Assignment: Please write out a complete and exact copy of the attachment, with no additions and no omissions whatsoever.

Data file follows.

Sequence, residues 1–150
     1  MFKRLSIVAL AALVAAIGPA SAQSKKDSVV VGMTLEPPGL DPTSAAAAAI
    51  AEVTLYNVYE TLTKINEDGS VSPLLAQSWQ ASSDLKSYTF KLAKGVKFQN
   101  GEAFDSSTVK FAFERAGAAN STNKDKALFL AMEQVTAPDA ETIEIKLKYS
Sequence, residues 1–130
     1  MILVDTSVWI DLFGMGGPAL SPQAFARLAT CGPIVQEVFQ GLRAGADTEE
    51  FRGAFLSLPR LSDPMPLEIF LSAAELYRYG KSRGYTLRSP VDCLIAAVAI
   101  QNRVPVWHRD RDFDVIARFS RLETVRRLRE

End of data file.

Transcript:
Sequence, residues 1–150
     1  MFKRLSIVAL AALVAAIGPA SAQSKKDSVV VGMTLEPPGL DPTSAAAAAI
    51  AEVTLYNVYE TLTKINEDGS VSPLLAQSWQ ASSDLKSYTF KLAKGVKFQN
   101  GEAFDSSTVK FAFERAGAAN STNKDKALFL AMEQVTAPDA ETIEIKLKYS
Sequence, residues 1–130
     1  MILVDTSVWI DLFGMGGPAL SPQAFARLAT CGPIVQEVFQ GLRAGADTEE
    51  FRGAFLSLPR LSDPMPLEIF LSAAELYRYG KSRGYTLRSP VDCLIAAVAI
   101  QNRVPVWHRD RDFDVIARFS RLETVRRLRE